Comment 39161

By Gottasit (anonymous) | Posted March 26, 2010 at 12:43:18

Despite the sad history of Ricca's furniture, James N. could use an interesting furniture store more than it could another bar. Furniture stores seem to be among the disappeared in downtown Hamilton lately, and that makes me question the viability of nearby areas as residential communities. Furniture stores are where people buy . . . furniture! For their . . . homes!

I recall that for a number of years, as Montreal's Upper Plateau gentrified and vacant buildings on St. Laurent were converted into trendy condos, the street-level shop windows began to display some pretty awsome furniture. Some of it was borscht. Some of it was pretty sleek stuff by Quebec designers. Artsy. I'm guessing this furniture was selling to the trendies who moved in upstairs but didn't have mini-vans to drive to the Ikea out by the expressway.

Full service commercial districts encourage people to live nearby. Specialty commercial districts encourage people to jump in their cars and travel cross town when they need this item, and then to another area when they need that service, and then go back to their residence somewhere that generates less traffic. Major arteries become inner-city expressways that divide residents from area services. Ever noticed the long line of taxis and limos on Main W. late weekend nights as Hess Village returns to pumpkinhood? Now there's a real piece of the Hamilton cultural landscape.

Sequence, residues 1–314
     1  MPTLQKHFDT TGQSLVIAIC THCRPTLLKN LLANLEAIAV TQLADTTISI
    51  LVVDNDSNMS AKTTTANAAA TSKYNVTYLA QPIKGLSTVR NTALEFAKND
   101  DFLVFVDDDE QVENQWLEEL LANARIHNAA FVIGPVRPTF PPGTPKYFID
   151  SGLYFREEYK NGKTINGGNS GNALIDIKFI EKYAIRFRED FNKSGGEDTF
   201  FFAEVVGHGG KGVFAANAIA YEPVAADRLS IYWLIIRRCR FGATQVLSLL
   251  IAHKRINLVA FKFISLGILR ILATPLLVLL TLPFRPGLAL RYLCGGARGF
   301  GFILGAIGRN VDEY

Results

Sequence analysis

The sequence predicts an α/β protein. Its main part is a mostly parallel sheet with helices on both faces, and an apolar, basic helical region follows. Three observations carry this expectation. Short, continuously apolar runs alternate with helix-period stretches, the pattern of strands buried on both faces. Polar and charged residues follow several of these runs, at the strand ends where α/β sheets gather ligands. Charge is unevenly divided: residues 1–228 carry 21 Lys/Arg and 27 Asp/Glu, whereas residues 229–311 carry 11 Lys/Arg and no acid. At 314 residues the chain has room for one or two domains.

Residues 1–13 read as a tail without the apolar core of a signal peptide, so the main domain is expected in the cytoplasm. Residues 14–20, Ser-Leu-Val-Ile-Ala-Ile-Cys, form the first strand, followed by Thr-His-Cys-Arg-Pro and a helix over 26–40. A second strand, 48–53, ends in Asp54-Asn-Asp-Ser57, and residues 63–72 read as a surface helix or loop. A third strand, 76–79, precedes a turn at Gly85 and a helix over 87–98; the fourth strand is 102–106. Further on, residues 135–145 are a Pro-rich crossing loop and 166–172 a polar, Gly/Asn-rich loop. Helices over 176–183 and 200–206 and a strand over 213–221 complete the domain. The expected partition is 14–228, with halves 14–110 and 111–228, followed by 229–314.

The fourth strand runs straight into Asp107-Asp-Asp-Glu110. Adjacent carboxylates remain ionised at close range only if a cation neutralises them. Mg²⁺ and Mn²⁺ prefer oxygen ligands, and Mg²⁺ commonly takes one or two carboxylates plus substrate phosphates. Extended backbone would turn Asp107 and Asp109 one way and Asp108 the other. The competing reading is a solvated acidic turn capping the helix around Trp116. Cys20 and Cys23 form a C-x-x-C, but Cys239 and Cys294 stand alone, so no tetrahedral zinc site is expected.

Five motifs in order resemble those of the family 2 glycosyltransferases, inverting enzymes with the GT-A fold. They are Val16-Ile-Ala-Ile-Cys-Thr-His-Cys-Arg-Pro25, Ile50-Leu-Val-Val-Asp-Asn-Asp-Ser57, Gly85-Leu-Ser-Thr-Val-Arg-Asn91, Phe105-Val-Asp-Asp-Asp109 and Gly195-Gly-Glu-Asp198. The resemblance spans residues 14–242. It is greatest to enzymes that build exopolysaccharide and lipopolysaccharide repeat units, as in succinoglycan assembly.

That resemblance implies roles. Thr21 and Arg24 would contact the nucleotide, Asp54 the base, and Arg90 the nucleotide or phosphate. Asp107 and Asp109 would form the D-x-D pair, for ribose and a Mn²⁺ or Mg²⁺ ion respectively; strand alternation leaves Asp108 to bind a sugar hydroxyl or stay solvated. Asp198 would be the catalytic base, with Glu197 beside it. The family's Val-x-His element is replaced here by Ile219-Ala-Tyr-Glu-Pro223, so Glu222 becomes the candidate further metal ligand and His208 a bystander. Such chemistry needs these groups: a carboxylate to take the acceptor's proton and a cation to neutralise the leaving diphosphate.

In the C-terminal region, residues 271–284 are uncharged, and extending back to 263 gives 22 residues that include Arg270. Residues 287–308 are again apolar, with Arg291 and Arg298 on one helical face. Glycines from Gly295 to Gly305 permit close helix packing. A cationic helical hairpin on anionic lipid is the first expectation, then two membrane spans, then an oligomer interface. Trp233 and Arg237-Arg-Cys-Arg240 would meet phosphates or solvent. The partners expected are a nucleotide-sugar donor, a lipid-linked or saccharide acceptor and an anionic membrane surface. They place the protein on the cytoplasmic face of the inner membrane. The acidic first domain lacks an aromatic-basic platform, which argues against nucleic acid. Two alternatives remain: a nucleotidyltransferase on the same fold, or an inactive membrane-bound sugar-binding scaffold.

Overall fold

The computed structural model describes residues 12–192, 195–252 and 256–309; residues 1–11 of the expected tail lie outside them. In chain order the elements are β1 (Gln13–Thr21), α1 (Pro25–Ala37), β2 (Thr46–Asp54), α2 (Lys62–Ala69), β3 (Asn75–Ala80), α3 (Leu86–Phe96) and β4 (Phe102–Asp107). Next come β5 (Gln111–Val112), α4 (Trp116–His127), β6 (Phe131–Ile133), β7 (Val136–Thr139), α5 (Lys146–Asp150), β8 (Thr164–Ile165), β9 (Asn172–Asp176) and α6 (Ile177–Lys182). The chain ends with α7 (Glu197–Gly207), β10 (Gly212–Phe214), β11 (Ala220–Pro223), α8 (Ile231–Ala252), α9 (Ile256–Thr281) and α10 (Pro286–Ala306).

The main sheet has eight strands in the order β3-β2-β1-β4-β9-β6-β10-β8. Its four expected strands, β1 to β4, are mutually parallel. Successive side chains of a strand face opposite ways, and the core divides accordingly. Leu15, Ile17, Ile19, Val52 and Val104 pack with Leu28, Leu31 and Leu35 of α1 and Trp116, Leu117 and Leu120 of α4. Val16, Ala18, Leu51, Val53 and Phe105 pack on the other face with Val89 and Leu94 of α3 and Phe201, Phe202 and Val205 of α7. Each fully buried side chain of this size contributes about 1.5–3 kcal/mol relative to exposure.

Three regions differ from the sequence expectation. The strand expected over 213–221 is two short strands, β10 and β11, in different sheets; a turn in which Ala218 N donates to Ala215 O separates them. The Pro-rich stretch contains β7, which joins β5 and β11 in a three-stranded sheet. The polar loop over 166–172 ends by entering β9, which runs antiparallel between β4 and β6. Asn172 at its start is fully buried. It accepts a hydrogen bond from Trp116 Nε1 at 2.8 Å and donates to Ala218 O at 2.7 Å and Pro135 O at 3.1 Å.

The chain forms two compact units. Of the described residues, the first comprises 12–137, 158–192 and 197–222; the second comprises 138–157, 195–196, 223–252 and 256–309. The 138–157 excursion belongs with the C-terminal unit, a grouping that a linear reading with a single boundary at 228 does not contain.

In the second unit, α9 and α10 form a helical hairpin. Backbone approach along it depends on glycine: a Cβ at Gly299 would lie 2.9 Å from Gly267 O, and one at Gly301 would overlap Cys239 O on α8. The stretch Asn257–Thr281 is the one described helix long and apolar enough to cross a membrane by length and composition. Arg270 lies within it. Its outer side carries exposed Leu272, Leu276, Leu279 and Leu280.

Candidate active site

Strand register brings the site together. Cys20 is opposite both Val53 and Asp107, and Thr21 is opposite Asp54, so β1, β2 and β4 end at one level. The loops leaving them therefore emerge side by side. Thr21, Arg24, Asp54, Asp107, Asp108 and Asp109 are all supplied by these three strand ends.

But another thing I noticed on St. Laurent is the number of second-story bars overlooking the street. Moishe's, a tony, long-established steakhouse is up a flight of stairs too. Don't see a lot of that on James N. for some reason, though there are some vacant spaces that would serve the purpose. Maybe Hamilton bar patrons can't handle the stairs?

Still, people get beat up and shot in Montreal too. Hell, I was there during a Second Cup bomb threat one summer, so I figure that sometimes some brawling Montrealers must get thrown downstairs too. It's just I never see it first hand, except on Toronto/Hamilton news.

BTW, I don't get to Hess Village much anymore, but at a recent unanticipated visit there didn't seem to be any shortage of women among the clientel. Or maybe they were all Ti-Cats in drag?

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